“When we first got the KC-130J in 2004 and 2005, we flew it exactly like the legacy aircraft.
Our first operational mission was to go to Iraq, and we did our missions in Iraq exactly as we did with the legacy aircraft. We did air refueling and moved cargo and personnel around Iraq and Kuwait. That was how we started.
As we gained more experience in the C-130J, we started evolving that and understanding the whole capability.
We started operating at night with NVGs and we had to learn how to do that from scratch.
And then from there we just incrementally kept expanding the envelope, adding missions as we gained confidence.
Until we’ve arrived at the point we’re at today where — I’m not going to say we’re anywhere near close to exploiting the full capabilities of the J, but widely different from where we were in 2004.
We are now doing long-range refueling of MV-22s over the Atlantic; we have introduced Harvest Hawk, both of which are game changers for us.
With Harvest Hawk we have an ordinance delivering capability and we have a sensor.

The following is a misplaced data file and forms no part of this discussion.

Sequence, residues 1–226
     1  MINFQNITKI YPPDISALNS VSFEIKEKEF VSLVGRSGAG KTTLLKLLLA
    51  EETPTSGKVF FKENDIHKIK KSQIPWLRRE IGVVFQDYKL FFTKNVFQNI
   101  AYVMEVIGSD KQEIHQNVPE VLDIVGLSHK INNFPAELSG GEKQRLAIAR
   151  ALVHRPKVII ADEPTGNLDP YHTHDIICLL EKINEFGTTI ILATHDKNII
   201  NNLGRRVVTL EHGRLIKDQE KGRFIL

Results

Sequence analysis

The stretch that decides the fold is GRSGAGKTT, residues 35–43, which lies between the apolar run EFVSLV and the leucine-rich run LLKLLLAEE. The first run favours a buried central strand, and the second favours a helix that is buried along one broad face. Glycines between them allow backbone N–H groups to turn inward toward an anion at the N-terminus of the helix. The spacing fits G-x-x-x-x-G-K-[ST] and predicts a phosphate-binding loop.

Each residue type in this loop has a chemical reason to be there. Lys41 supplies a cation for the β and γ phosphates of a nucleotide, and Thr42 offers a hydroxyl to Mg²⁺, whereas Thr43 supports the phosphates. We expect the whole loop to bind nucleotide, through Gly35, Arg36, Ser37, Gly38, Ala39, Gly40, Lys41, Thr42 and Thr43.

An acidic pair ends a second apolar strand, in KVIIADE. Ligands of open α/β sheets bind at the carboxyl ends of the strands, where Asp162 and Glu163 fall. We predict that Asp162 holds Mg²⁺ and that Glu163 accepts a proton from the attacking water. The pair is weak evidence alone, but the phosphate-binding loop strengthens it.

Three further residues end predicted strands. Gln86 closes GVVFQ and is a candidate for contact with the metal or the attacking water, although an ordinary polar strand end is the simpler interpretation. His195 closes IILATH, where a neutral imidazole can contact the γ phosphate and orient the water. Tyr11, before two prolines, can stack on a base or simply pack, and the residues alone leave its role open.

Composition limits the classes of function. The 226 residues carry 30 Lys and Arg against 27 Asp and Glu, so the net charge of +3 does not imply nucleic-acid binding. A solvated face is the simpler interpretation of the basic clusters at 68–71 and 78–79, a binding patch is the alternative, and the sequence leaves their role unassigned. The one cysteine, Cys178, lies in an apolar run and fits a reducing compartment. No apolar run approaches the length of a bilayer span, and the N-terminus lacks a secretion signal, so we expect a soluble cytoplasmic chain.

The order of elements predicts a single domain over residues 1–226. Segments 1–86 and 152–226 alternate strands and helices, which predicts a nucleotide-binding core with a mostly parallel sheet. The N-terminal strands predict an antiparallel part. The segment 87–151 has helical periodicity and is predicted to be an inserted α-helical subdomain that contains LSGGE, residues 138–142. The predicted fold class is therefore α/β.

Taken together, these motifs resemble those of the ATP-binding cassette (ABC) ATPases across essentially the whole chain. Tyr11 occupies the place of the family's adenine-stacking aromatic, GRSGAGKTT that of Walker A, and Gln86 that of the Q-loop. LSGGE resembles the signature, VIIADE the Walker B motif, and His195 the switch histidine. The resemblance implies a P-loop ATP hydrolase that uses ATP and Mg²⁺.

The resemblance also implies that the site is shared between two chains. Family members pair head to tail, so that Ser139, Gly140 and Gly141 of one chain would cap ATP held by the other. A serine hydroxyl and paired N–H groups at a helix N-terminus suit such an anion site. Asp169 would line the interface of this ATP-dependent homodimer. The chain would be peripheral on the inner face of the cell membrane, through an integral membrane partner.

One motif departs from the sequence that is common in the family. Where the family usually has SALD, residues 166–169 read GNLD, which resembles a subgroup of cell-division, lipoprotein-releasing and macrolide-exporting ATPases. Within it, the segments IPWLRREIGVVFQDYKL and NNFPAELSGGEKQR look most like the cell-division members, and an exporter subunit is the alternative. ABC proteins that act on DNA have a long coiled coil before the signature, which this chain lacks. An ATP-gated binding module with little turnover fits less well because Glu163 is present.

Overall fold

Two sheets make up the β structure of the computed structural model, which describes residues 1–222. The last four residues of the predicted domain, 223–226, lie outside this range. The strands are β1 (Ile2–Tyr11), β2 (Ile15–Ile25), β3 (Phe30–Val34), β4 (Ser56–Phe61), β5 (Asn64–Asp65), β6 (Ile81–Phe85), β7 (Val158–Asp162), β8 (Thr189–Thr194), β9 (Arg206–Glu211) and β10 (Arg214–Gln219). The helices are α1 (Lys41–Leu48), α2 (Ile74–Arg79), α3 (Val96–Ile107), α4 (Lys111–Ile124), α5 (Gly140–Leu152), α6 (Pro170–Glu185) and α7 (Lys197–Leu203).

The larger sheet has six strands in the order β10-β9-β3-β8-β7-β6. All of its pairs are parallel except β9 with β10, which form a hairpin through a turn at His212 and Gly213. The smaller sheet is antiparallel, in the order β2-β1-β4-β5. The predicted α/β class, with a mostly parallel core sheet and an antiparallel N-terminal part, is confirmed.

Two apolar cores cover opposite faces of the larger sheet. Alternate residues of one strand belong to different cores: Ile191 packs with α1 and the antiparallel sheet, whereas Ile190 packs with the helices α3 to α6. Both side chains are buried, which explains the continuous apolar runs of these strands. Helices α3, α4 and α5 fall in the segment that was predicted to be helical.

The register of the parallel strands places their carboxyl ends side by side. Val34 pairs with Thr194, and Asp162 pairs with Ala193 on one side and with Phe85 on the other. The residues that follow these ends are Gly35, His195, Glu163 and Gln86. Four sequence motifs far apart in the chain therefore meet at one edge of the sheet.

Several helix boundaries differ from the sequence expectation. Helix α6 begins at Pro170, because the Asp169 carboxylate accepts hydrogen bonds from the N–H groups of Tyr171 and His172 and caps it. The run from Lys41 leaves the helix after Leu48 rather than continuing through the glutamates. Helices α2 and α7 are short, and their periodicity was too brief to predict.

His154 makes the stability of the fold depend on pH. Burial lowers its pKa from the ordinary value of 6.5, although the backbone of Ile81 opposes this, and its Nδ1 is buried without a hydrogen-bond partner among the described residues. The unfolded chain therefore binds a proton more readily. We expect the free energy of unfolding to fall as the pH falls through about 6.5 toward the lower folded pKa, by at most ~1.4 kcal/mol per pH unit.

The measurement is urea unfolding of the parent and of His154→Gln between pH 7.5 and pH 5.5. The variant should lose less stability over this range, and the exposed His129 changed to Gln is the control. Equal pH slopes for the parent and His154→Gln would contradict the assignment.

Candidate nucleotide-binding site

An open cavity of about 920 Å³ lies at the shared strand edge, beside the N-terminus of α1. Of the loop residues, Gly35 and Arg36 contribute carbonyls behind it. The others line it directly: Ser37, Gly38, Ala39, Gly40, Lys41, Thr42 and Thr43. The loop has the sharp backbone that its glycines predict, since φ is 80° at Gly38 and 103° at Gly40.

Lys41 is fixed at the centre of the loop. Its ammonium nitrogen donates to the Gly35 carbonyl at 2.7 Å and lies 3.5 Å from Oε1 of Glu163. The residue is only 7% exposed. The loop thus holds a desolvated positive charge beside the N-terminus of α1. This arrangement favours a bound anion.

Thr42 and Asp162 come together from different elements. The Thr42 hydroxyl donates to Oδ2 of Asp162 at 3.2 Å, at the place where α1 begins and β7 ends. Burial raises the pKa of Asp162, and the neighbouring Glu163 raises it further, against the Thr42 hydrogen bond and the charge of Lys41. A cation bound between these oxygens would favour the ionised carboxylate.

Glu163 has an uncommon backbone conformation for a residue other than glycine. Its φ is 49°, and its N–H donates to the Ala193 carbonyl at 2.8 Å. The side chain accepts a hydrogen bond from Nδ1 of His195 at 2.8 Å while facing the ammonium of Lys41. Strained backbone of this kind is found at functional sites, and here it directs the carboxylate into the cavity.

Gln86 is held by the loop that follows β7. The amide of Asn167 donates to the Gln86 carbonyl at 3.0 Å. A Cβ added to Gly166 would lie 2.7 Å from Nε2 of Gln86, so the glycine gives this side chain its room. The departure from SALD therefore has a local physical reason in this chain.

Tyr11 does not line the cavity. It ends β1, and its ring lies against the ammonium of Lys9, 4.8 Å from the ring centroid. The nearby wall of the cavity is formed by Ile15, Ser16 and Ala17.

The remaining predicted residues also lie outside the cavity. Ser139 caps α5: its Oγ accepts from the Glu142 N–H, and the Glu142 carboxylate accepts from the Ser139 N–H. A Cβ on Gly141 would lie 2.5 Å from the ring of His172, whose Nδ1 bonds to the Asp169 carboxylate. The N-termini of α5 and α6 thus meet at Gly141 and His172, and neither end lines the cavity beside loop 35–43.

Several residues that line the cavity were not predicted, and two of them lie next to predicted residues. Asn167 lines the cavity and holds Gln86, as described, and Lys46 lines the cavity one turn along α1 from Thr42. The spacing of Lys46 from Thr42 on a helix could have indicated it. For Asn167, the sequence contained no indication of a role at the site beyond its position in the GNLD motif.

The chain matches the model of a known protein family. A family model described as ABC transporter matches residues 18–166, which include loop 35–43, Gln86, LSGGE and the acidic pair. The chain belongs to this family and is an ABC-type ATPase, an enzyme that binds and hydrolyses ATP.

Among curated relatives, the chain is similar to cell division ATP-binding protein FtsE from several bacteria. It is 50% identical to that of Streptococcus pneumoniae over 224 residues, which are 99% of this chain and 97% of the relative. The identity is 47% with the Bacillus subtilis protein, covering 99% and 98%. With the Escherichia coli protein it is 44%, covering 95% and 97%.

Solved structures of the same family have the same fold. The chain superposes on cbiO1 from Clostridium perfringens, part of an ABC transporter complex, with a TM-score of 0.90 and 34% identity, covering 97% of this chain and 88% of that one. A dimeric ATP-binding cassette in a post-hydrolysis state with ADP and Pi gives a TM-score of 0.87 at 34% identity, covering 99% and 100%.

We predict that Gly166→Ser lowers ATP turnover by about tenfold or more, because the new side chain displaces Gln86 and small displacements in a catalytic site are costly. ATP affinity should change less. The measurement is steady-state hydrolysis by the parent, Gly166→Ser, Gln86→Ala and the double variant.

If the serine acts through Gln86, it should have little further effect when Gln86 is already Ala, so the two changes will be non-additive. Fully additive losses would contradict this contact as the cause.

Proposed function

Nobody in the C-130 community had any experience with that.
But we went out to other communities asking for help, developing our expertise, and we have able to add those to our mission sets, and now we are at the point we have no external assistance helping us with the Harvest Hawk mission.”
Question: How would you describe the impact of the KC-130J-Osprey pairing on USMC operations?
Lieutenant Colonel Koltick: “The two obvious changes are in your time and in your distance.
Now we can operate much further and we can get there much faster when we pair the V-22 with the C-130J compared to a traditional Marine force.
The range that you get when you combine those two with the refueling and the situational awareness that the K/J has enabled and to be able to push that to the V-22s, changes the context. It’s hard to imagine now an environment on our mission where a MAGTF commander can’t deploy an assault force.
For instance, with Special Purpose MAGTF, they’re routinely thinking in terms of 1,000 nautical mile movements. Whereas a little over 10 years ago, when Gen. Mattis took us into Afghanistan after 9/11, Task Force 58 moved 400 nautical miles and that was groundbreaking.
That was a big deal, but with CH-53s and other helos, we had to land in Pakistan to do that insertion.